The head is tilted back and water is poured into the upturned mouth or nose. Eventually the subject cannot exhale more air or cough out more water, the lungs are collapsed, and the sinuses and trachea are filled with water. The subject is drowned from the inside, filling with water from the head down. The chest and lungs are kept higher than the head so that coughing draws water up and into the lungs while avoiding total suffocation. "His sufferings must be that of a man who is drowning, but cannot drown."
Waterboarding is not:
- upright or face-down dunking: People dunked face-first in water can keep water out for as long as they can hold their breath. When one is inclined with the head back, holding one's breath will not prevent the upper respiratory tract from filling with water.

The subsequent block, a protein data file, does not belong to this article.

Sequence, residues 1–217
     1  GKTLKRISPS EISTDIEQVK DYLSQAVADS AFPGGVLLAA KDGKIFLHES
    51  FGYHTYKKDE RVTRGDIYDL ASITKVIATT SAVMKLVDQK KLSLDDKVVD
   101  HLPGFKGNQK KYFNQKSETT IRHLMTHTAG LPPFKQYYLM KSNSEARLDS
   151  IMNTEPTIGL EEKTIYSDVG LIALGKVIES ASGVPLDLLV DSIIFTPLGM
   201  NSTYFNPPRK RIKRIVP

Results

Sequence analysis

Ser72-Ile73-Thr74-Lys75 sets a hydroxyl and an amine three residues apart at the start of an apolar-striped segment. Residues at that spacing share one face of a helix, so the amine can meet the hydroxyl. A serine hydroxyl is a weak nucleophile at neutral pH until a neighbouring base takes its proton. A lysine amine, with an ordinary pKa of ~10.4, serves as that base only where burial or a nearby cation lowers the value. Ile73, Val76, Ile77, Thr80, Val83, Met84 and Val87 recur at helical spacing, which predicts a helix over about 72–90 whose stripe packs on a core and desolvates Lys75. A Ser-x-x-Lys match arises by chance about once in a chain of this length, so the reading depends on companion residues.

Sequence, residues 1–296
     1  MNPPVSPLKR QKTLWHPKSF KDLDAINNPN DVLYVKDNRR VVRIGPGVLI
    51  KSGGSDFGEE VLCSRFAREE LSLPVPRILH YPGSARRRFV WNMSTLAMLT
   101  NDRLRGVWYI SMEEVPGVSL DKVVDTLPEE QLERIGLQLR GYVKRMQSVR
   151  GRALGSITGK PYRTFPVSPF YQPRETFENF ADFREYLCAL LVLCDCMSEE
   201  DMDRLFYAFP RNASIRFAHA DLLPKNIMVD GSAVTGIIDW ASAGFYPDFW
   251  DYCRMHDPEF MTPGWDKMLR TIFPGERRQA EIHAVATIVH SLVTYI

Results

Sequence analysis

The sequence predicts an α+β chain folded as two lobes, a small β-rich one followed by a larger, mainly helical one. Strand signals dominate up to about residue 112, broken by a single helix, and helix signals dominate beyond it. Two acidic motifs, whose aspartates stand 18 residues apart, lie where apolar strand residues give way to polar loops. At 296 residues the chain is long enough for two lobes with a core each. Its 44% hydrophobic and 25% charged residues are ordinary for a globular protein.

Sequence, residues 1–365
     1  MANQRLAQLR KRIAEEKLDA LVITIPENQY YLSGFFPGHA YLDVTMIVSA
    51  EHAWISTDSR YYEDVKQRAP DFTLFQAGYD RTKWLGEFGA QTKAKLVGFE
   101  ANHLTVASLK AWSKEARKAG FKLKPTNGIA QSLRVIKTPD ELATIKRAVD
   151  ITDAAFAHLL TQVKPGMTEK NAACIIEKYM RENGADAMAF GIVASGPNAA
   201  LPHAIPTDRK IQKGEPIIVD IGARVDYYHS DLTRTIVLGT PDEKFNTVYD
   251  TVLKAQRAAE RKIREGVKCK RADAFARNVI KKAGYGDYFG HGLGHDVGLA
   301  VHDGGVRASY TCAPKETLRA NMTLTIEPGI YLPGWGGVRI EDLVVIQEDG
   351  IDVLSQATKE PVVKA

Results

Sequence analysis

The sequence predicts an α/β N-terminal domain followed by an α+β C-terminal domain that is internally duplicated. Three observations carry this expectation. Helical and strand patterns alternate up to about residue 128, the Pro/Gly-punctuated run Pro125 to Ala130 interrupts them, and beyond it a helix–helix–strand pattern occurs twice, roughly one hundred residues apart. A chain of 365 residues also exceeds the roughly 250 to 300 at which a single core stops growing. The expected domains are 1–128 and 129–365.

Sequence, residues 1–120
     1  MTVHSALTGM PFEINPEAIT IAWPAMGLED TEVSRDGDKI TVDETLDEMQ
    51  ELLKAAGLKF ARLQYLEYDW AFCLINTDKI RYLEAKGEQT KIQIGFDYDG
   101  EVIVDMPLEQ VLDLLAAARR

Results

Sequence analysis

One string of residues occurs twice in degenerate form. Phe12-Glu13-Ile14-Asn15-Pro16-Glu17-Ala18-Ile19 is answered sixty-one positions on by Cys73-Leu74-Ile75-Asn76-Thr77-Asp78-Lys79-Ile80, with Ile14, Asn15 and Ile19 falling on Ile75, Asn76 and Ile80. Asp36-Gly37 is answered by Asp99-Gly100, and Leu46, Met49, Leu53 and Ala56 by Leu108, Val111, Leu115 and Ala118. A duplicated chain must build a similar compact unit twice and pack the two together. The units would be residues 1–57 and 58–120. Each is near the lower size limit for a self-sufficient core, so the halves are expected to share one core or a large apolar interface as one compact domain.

- asphyxiation: Survivors of near-drowning experiences report that the sensation of water flooding down the larynx and trachea as they struggle to breathe is the most terrifying aspect of the experience. In waterboarding, this begins quickly, long before the onset of oxygen starvation.
- submersion: Waterboarding does not require immersion in standing water. Someone can be waterboarded with as little as a canteen or two of water.
- slowly dripping water on the forehead: Several types of water-based tortures have been used in Asia, but the famous "Chinese Water Torture" demonstrated in Mythbusters Episode 25 is very different than waterboarding.
- a simulation: Waterboarding is actually forcing large quantities of water into the pharynx, and trachea, inducing choking and gagging in the subject.
Correction: Early drafts of this page indicated that waterboarding included inhaling water into the lungs. The recently declassified Bybee Memo's official procedure is to prevent this.